Free multimedia APIs from Microsoft
DirectX is a free collection of APIs (application programming interfaces) for programming graphics and sound. This allows developers, primarily game developers, to easily create fully-featured games that run on Windows. Most users aren't even going to notice DirectX working - it just runs when it needs to, without telling you. Interacting with it otherwise is a little more complex and will need programming know-how.
Free tool to control sound and graphics cards
DirectX is a technical tool that helps game developers interact with sound and graphics cards. Although it can be installed on any computer, most users won’t ever need it. It runs when you play a game made with DirectX and that’s it. You’re only going to need to get to know it better if you want to program with it yourself. It has one of the most agile runtime processes amongst this category.
What is DirectX used for?
DirectX is a set of Windows interfaces. Developers program to the DirectX API, which lets their programs - often games - interact correctly with sound and graphics cards. In turn, makers of sound and graphics cards recognize DirectX, so they know what to do when a program made with DirectX accesses their functions.
Do you already have DirectX?
Since DirectX doesn’t have an interface like other apps (it won’t appear in your apps list, for example), you’ll have to get a little more technical to check if it is already installed on your computer. To check, follow these steps:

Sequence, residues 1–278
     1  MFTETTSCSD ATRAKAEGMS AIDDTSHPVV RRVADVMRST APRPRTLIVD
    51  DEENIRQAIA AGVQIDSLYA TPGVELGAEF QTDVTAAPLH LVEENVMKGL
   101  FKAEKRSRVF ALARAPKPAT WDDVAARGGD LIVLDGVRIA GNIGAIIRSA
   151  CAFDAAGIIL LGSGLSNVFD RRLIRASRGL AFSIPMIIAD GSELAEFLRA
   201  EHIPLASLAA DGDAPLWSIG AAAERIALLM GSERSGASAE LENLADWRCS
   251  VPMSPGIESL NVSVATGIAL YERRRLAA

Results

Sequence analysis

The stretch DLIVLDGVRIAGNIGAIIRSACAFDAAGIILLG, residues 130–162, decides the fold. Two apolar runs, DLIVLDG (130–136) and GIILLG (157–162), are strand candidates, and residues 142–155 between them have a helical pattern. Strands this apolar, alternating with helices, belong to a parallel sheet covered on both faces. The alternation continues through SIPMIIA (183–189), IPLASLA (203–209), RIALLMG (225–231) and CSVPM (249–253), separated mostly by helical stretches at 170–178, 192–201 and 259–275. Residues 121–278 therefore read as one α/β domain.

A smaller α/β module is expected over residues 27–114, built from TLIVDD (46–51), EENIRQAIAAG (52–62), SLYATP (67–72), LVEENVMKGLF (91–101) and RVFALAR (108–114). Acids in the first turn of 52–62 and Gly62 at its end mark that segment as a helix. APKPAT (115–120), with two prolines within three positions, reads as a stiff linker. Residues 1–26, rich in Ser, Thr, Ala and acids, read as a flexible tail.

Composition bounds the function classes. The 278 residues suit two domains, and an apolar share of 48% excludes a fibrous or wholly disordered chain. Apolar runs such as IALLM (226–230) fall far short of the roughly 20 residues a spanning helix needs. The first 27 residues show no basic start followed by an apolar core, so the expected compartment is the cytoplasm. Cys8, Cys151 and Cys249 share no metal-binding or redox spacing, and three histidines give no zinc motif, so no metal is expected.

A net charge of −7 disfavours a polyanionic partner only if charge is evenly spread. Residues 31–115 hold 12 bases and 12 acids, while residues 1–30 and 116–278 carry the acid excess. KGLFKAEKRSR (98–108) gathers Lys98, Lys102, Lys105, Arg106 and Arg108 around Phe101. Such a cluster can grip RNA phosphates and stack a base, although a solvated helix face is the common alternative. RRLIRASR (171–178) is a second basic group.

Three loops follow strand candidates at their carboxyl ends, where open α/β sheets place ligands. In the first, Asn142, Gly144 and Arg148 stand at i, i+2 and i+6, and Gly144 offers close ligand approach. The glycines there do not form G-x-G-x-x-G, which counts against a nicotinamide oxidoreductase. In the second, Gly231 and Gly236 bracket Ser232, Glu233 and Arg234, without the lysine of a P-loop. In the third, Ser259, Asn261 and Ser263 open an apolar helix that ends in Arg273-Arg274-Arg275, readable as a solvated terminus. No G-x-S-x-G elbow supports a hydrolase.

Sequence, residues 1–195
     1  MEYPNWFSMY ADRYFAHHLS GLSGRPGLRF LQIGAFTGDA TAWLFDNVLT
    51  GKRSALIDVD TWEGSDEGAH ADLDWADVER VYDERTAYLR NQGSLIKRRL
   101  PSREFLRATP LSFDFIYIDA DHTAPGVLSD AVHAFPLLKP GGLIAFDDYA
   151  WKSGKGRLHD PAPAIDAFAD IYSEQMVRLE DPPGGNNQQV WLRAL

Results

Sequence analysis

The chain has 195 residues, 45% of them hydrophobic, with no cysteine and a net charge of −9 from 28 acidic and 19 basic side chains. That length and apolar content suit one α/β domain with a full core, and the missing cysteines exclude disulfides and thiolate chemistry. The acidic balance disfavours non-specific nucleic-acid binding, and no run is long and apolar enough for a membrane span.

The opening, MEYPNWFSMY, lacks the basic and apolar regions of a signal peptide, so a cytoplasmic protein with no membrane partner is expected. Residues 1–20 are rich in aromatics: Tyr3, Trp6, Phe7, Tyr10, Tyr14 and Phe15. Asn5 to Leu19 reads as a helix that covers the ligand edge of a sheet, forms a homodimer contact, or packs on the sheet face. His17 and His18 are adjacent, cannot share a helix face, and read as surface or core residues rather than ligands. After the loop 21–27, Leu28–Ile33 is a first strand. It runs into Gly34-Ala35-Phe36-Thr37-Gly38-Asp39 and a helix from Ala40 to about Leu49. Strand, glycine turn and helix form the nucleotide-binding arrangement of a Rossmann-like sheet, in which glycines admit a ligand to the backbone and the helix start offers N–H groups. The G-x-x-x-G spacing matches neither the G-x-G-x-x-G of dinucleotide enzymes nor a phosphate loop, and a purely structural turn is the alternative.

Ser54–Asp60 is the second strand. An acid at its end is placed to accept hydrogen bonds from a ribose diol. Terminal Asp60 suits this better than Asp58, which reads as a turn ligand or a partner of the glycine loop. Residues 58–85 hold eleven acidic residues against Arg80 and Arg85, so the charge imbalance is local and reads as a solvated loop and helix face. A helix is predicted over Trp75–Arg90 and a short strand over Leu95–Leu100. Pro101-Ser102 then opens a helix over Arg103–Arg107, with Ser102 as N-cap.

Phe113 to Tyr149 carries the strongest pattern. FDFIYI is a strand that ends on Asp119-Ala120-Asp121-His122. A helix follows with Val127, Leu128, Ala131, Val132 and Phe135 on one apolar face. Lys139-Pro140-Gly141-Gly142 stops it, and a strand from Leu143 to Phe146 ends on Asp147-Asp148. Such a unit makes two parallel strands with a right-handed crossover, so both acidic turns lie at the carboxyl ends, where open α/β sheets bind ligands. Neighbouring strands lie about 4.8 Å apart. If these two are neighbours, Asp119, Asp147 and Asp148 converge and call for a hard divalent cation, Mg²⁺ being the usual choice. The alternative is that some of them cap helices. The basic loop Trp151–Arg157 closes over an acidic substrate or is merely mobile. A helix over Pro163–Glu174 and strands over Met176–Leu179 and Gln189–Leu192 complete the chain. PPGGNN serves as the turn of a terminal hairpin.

The DirectX installation
If you find that DirectX is not installed on your computer (or the version is very old), you’ll have to download DirectX again to use it. The download is simple and how you might expect - you download and run the .exe as normal. The installation is slow, which might prove a little frustrating and - watch out - the app tries to install Bing during installation.
How do you open the DirectX control panel?
Since DirectX isn’t a normal app, you can’t open it in the usual way. Instead, press the Start button and type “dxdiag” into the box. Your computer will ask you if you want to run DirectX.
The window that opens is a very traditional-looking Windows interface. All the data it provides is just informational - lots of details about your system, the display settings, rendering features and drivers, sound information, and current input devices. You don’t interact with this information - there’s an error window and, if you’re programming and make a mistake, the error will show up here. You go back and fix it, and the error will disappear.
Who needs DirectX?
There are two situations in which you might need DirectX.
It's worth bearing in mind that DirectX isn't the only tool of its type. There are other APIs that interact with graphic cards, and many of them are more modern. You can compare this with a valid app like Runtime, That said, if you're playing or developing certain games or on certain (probably older) machines, you might well need it.
A tech tool most won’t need
DirectX is a solid piece of technology that's been around for years and still going strong. The graphics and sound technology work very well (which is why it's still relevant even though it's very old), and the interface is very usable, even though it's very old-fashioned.
Most of us, however, will never see it - unless you're programming, you'll never even have to open it, as it will just run in the background without you noticing. DirectX isn't really the kind of software that you want or don't want. If you need it, you'll have to install it and it's a pretty painless experience.
The most recent version of DirectX improves Windows 10 compatibility and adds Variable Rate Shading (VRS) support. Other recent versions added DirectX Raytracing support, Depth Bounds Testing, and Programmable MSAA.